Madagascar's Former President Sentenced to Jail

Published on Thursday 2nd September 2010 Madagascar's Former President Sentenced to Jail

A court in the capital, Antanarivo, has sentenced former president Marc Ravalomanana and two officers to life imprisonment with hard labour for the part they played in the deaths of about 30 protesters before he was forced from office in 2009.

Ravalomanana, who has lived in exile in South Africa since being deposed by the country's current leader, Andry Rajeolina, with the help of the miltary, has been convicted twice before by other courts.

Observers believe this third court ruling is aimed at preventing his return to contest the forthcoming presidential elections and warned this might jeopardise any chances the country has for a dialogue on breaking the current political impasse.

After deliberations, the court which conducted the latest trial admitted the testimony of witnesses who said Ravalomanana gave orders to shoot if protestors approached the presidential palace during a demonstration.

Lawyers for the former leader have, however, rejected the decision, saying it is valueless. They refused to take part in the case, saying they had petitioned the higher courts several weeks previously and were waiting for a decission from them.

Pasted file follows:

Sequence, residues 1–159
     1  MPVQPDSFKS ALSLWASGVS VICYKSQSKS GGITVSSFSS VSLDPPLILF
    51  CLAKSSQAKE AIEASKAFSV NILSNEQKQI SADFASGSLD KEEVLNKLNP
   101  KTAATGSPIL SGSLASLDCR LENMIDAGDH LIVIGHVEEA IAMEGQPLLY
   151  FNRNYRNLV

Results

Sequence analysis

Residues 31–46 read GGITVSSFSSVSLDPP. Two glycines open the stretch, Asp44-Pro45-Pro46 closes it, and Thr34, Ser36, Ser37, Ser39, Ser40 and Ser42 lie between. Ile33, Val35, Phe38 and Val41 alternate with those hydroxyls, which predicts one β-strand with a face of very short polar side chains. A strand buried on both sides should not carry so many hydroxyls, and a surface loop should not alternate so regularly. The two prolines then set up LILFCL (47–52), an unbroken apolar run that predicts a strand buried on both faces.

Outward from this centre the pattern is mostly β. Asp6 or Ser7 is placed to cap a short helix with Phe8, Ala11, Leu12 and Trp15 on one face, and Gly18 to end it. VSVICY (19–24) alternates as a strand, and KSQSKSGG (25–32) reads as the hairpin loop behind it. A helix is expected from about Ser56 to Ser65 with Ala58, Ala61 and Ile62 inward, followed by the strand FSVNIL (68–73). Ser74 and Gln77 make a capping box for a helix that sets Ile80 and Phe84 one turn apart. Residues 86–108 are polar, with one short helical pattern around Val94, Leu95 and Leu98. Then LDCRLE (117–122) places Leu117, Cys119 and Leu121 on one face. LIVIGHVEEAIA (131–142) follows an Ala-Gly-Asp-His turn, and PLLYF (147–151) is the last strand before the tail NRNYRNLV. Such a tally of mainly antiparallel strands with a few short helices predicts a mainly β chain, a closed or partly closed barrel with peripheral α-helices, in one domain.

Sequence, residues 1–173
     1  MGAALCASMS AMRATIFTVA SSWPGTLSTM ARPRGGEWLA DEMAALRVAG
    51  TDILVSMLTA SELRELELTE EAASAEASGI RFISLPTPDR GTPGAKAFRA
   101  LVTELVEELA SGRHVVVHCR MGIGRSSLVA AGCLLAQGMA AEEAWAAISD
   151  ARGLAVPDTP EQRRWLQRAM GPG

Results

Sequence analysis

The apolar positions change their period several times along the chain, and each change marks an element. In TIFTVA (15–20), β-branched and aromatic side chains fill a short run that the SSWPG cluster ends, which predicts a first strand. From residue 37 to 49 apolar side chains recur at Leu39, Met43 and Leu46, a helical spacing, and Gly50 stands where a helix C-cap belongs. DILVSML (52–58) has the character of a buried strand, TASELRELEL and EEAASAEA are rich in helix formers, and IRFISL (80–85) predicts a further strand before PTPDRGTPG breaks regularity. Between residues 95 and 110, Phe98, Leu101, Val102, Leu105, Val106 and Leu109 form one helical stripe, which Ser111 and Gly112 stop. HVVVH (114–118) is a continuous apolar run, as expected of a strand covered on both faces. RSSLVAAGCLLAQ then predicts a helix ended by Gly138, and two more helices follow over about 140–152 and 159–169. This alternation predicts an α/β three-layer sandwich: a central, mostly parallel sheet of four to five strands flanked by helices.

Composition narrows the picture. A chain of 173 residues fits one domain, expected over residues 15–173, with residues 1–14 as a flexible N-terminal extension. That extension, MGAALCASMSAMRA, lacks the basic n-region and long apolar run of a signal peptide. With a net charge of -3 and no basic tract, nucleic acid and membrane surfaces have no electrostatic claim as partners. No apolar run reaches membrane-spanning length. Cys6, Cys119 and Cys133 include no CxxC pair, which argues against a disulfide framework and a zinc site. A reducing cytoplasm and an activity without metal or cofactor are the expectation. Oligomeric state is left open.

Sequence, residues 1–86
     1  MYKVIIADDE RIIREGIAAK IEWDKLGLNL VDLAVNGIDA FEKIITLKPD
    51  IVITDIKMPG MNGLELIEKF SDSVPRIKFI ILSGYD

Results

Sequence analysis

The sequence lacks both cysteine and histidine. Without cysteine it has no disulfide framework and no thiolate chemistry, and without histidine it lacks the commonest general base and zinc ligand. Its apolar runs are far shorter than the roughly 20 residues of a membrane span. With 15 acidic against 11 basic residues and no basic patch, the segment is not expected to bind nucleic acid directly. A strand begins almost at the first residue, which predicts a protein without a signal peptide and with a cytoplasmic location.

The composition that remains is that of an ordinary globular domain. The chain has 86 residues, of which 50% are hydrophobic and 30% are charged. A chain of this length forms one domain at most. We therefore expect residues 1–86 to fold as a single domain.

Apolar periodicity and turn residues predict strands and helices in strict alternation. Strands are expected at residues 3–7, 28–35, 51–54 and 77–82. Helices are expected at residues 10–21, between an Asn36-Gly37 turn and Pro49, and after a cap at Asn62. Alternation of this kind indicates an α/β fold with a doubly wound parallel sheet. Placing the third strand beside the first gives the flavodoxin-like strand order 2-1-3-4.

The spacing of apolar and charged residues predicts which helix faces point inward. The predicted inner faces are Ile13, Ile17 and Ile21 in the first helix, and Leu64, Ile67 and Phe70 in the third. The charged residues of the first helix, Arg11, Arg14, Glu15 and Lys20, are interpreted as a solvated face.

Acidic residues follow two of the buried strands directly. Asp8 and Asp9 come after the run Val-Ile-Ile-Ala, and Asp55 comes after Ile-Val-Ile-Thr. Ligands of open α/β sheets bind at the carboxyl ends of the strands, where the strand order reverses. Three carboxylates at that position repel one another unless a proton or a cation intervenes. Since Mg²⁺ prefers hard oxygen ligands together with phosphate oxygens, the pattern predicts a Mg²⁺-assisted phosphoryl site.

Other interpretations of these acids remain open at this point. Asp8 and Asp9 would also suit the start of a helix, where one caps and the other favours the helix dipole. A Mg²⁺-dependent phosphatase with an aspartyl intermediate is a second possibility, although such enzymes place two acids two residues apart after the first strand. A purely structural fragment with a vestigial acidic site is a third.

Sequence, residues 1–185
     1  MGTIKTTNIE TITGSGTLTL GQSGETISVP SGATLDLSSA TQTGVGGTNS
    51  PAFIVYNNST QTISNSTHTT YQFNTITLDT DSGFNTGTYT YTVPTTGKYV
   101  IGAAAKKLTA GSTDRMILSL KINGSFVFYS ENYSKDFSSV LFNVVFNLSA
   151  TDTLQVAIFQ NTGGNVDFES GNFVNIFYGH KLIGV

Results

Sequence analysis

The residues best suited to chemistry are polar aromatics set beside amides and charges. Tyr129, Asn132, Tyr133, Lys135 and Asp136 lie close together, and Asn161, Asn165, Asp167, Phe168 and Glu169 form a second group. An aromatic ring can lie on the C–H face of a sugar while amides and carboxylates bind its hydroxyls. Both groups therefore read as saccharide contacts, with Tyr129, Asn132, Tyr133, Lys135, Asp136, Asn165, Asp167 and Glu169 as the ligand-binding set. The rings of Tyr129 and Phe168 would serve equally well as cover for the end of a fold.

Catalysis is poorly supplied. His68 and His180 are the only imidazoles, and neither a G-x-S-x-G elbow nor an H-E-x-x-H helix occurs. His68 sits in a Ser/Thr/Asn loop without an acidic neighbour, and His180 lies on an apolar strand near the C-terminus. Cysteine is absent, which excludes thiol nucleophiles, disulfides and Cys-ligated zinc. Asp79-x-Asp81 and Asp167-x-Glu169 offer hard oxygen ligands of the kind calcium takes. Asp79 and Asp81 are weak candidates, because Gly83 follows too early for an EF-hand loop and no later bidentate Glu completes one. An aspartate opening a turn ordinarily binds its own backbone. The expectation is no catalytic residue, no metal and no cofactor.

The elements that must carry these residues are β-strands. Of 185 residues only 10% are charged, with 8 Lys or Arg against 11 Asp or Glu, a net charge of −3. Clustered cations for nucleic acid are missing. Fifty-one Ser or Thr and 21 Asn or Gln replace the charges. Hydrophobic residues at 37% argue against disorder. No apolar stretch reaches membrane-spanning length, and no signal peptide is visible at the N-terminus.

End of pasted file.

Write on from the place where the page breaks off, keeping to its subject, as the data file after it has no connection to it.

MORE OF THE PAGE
Ravalomanana reacted by telling the international press it was a "stupid and ridiculous" judgement to which he gave no particular importance.

He said it was a political manoeuvre aimed at preventing him from participating in elections and hindering talks currently taking place.

Rajeolina on his part said in a radio and television broadcast that "there is an end to everything" and that the country should now focus on the upcoming elections.

He said he had told judiciary he respected their independence. He also announced a national conference from September 13 to 18 and said he intends to propose a new constitution in the comming days.

A group of Malagasy citizens living in France have condemned the court ruling, maintaining that only the high court is competent to handle a case of that nature.

Observers have suggested that the trial will hinder the peace process and undermine negotiations initiated by civil society.



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